One of the U.S. Department of Housing and Urban Development’s signature programs could see one of its biggest expansions since its creation a decade ago, as part of the Biden Administration’s new budget offer promising to deliver the biggest one-time investments in affordable housing in U.S. history.
HUD’s Choice Neighborhoods program is different from more traditional housing projects that focus solely on building and repairing affordable housing units or expanding voucher programs. Under the latest initiative, cities and communities are able to apply for grants that do wide-scale revitalization efforts.
Grants can be used toward repairing housing stock, creating new spaces for grocery stores and rehabilitating parks, linking residents to public transportation and health services as well as increasing early childhood programming.
Funding for the Choice Neighborhoods program was included as part of President Joe Biden’s latest offer to Congress on his Build Back Better plan to expand U.S. safety net programs on Thursday, after months of debate among lawmakers.
“With the Build Back Better plan, we have a once-in-a-generation opportunity to invest in our communities and deliver for families. Among the historic housing investments the President has called for, the Choice Neighborhoods Initiative is one that stands to gain,” U.S. Housing and Urban Development Secretary Marcia Fudge told USA TODAY. “This is our time to make a lasting change.”
Over the course of the last decade, the program has awarded nearly $1.2 billion to 40 communities nationwide.
Fudge traveled to Cleveland along with Sen. Sherrod Brown, Chairman of the U.S. Senate Committee on Banking, Housing and Urban Affairs, a Democrat from Ohio, for the groundbreaking of one of the newest recipients on Friday.
HUD awarded the Cuyahoga Metropolitan Housing Authority and the city of Cleveland a $35 million grant under the signature program in May.
“Investments in Ohio communities, like the Buckeye/Woodhill project, support families and kids, improve health outcomes and invest in neighborhoods left on their own for too long,” said Brown.
He added: “Congress and the Biden administration are taking clear steps to make more investments like this.”
In Cleveland, Jeffery K. Patterson, CEO of the Cuyahoga Metropolitan Housing Authority welcomed the news during the event. Patterson said one of the biggest upsides of the program is its flexibility.
“It calls for the implementers of the grant to reshape and revitalize a neighborhood through the lens and aspirations of its community,” said Patterson.
Some housing experts agree.
“What works in these Choice Neighborhoods is that projects are viewed holistically, they are part of a larger community where opportunities and assets exist; schools, transportation, jobs, health care, access to healthful foods,” said James Carras, adjunct lecturer in Public Policy at Harvard University’s Kennedy School of Government in Cambridge, Massachusetts.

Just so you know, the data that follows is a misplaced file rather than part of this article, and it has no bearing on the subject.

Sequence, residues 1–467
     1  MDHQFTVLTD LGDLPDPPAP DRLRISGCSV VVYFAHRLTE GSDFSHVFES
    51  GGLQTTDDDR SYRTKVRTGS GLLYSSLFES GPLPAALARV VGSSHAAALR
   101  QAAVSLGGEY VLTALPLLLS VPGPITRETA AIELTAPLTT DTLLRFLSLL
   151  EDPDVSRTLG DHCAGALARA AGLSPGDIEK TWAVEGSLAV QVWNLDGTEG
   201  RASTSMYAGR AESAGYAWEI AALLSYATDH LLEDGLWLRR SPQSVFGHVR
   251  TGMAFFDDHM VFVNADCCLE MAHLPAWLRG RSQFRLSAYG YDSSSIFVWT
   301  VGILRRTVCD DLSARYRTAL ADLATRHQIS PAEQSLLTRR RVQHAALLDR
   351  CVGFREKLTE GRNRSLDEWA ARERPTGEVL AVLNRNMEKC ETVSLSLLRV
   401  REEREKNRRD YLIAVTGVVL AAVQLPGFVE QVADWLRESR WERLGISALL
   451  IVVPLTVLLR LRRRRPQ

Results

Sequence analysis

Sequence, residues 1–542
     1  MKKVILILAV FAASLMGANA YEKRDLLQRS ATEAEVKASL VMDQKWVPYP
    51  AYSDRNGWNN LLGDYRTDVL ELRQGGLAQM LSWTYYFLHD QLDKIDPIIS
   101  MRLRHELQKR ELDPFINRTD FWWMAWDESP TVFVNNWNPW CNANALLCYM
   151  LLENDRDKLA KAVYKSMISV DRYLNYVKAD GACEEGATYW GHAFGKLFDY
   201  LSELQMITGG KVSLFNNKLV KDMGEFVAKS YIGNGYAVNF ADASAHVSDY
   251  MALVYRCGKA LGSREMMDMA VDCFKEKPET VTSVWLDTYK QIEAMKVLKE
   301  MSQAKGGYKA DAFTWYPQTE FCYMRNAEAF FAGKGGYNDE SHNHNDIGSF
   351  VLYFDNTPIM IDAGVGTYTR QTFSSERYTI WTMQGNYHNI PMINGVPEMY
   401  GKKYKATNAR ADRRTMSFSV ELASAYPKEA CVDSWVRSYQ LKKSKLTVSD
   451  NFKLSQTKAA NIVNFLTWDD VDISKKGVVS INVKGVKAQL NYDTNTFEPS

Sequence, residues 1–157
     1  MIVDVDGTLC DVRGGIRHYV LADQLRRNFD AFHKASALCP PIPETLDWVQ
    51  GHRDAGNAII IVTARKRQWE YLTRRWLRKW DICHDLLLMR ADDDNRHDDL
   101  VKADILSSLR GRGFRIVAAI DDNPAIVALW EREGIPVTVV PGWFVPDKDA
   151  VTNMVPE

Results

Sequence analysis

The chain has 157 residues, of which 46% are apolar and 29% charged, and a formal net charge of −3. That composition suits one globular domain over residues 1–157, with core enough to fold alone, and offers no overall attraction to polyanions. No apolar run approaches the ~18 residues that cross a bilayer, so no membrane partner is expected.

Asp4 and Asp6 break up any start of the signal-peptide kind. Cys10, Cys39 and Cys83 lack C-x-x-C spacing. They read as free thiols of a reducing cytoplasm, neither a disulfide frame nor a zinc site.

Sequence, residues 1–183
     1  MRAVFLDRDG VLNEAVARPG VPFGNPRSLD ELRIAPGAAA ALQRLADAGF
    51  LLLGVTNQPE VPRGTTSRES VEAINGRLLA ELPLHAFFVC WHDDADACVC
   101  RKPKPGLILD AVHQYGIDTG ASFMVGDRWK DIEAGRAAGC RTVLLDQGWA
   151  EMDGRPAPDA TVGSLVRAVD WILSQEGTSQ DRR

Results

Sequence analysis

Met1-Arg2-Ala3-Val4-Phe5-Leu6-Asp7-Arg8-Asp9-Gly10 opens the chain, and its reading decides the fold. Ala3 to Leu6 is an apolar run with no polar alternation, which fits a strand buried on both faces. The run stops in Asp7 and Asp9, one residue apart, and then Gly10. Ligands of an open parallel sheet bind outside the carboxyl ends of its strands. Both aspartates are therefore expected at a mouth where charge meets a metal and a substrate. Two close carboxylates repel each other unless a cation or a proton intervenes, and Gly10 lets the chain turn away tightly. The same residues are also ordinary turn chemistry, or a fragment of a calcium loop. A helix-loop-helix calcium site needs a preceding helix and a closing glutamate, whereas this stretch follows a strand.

Others say much more needs to be done.
“We need to radically rethink all housing – from public to private, single to multifamily – in order to improve our subsidized and public housing models,” said Akira Drake Rodriguez, assistant professor at the University of Pennsylvania’s Weitzman School of Design and Social of Social Policy and Practice.
Every year, the number of Choice Neighborhood awards HUD provides depends on how much funding Congress appropriates, typically four to five implementation grants and 10 planning grants.
As part of the administration’s new framework, the funds are rolled into the proposed $150 billion for affordable housing — less than half the $327 billion from Biden’s original plan — that will include money to rehabilitate more than 1 million new homes, rental assistance, down payment assistance and financial incentives to support zoning changes that will bolster add more mixed-income units in residential areas.
For civil rights groups and advocates it is also a positive step in addressing housing discrimination that has historically and disproportionately impacted communities of color.
“The funding in this bill is a strong and historic investment in communities that have long faced discrimination in our nation’s housing market, said Lisa Rice, National Fair Housing Alliance President and CEO, an organization dedicated solely to eliminating housing discrimination based in Washington D. C.
When it comes to Choice Neighborhoods, however, urban policy experts say the long term impact of the program will depend on its expansion as the funds only go to a few communities a year as well as buy-in from public and private sectors.
“To fully restart a local economy in a dis-invested place,” said Brett Theodos, Director of the Urban Institute’s Community Economic Development Hub, “Choice Neighborhoods will need to be combined with other public and private projects and supports.”